- Increased implementation capacity for cross-agency priorities. For OMB, the key next step is ensuring meaningful implementation of cross-agency goals. This is now possible with staff support via the White House Leadership Development Program (16 individuals selected by their deputy secretaries are in the first cohort) and the recently-approved $15 million fund to support implementation of cross-agency goals.
- Sustained progress toward agency-level priority goals. Agencies recently committed to 98 Agency Priority Goals. This is the fourth cohort of two-year agency-developed priority goals. Placing a priority on a small handful of key priorities has proven to be effective; 80 percent of the last cohort that was assessed demonstrated improved performance. Agency action plans for the coming two-year cycle are posted on performance.gov.
- More effective agency-level strategic reviews of progress. To date, agencies have conducted two rounds of annual strategic reviews (now called FedStat reviews) of their portfolios of strategic objectives. There are currently about 380 strategic objectives listed on performance.gov. OMB guidance indicates the 2016 reviews will occur in the May/June 2016 timeframe and will focus on cementing their capacity for conducting effective reviews.
- Greater staff-level collaboration and learning capacity. OMB understands that its written guidance will only get agencies so far and having a fully-functional cross-agency Performance Improvement Council is a key tool for embedding a performance orientation in agencies. The Performance Improvement Council “has hit its stride” and has a stable, sustainable budget with a small core team supplemented with project-based, temporary agency staff support and a Fellows developmental program, as well as a growing community of federal staff across Government participating in networking, problem-solving, and capacity building offerings.
- The Leaders Delivery Network has its first cohort of 25, comprised of the career deputies for APG leaders. Participants are provided training, networking opportunities, tools. Network participants are delivery leaders for the Agency Priority Goals, and they aren’t necessarily “performance” staffers.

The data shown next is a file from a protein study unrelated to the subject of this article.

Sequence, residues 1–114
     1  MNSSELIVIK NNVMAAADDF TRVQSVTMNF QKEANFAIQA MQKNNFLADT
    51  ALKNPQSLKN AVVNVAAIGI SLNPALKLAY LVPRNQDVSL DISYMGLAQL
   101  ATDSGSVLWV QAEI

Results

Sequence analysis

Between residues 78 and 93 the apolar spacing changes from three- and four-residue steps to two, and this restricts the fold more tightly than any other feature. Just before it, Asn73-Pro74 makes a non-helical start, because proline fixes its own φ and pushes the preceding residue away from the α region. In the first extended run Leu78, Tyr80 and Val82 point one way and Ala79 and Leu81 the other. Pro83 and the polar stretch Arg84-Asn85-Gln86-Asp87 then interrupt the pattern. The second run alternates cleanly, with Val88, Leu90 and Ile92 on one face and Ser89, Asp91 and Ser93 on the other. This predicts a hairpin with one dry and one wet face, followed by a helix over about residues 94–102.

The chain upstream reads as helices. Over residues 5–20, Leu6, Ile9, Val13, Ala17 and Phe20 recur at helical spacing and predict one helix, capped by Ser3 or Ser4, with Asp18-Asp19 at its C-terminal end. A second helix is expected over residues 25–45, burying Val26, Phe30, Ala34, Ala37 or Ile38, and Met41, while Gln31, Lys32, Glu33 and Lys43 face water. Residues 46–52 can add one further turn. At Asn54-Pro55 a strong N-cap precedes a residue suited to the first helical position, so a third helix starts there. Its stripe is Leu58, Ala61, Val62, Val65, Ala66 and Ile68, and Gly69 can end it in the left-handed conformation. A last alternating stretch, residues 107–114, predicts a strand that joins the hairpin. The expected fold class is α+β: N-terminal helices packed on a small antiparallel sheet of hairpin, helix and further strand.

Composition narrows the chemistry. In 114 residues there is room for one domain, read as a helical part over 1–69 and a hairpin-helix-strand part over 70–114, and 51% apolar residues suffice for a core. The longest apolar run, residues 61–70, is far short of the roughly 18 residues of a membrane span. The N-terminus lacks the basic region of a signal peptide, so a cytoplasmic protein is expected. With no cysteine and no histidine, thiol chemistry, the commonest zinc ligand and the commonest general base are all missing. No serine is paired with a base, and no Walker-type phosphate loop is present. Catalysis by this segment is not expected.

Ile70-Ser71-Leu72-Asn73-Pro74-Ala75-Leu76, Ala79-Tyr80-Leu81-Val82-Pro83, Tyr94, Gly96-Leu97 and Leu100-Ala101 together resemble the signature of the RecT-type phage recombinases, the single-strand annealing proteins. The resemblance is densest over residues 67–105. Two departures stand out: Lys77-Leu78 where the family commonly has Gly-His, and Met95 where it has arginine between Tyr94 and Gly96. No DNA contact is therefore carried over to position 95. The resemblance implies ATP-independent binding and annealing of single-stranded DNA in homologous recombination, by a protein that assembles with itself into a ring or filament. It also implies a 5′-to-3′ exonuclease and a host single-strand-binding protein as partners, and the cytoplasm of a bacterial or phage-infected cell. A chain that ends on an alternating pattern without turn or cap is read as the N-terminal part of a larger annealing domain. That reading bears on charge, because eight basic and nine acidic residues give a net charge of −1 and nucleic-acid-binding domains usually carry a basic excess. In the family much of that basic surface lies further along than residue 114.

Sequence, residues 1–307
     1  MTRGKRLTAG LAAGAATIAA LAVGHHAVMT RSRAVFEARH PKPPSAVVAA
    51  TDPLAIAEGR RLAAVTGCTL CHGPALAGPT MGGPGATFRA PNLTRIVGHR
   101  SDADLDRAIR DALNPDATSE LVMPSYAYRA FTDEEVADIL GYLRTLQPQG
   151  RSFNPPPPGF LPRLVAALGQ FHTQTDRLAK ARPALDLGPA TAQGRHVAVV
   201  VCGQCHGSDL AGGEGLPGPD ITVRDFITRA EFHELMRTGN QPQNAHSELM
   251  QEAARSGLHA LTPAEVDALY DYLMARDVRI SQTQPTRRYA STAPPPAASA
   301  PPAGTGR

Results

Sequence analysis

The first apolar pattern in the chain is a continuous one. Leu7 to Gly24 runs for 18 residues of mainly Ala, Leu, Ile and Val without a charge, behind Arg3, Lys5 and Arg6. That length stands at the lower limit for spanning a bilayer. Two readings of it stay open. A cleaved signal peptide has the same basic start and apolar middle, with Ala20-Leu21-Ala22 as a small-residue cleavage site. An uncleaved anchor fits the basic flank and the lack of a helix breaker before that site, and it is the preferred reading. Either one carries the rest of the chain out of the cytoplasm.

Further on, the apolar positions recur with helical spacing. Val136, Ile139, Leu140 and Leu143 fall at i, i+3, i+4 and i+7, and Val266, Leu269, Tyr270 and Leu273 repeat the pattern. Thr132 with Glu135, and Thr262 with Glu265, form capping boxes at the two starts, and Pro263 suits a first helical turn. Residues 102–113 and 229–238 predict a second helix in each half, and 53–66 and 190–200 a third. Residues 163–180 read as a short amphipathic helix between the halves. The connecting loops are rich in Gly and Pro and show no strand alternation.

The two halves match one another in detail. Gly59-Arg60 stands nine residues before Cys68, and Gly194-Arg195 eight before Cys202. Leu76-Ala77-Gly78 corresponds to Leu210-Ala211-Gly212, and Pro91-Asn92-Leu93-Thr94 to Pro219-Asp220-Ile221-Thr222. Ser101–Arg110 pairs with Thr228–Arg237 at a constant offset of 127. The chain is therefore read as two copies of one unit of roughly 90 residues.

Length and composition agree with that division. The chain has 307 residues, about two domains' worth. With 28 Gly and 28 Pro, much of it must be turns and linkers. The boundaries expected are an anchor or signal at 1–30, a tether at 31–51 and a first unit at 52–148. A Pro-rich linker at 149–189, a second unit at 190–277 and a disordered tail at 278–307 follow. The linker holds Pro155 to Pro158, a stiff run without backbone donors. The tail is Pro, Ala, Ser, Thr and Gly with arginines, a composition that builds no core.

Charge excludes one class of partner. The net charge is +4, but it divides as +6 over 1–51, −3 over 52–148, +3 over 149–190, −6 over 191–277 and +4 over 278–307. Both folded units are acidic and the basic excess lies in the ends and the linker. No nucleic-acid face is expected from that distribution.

- The Council’s Enthusiast and Ambassador program is a good connecting, community-building tool; it also provides largely self-directed training. OMB and the PIC are interested in figuring out how to expand it outside the Beltway in coming years.
- Finally, the Council sponsors a Collaboration Studio, which agencies can use. It provides dedicated resources, an established facilitation methodology and a focus on the challenge at hand that may not otherwise be available to agency and cross-agency project teams.
Next Steps. At the staff level, here are some elements of what agencies might expect to be asked to do next:
- Cascade the use of progress reviews to lower levels in each agency and continue building capacity to plan, collect data, analyze it, conduct reviews, and act on their results.
- Develop the next cycle of strategic plans and priority goals, due to be submitted to Congress in February 2018.
- Mature the use of strategic reviews via best practices and self-assessments.
- Add a lens on the role of enterprise risk management as part of the performance portfolio.
- Improve data quality and create better links to the budget development and decision making process.
- Continued focus on building capacity and growing the community of people in Federal Government with the skills and mindset needed to implement and practice the performance management approach.
Going forward, performance management seems to be becoming more like the budget– a regularized process that is sustainable and repeatable. The hope is that, while the next administration may offer new policy priorities, it would continue to use the existing performance processes to develop, monitor, and implement their priorities rather than starting over from scratch with a new system and a new set of processes.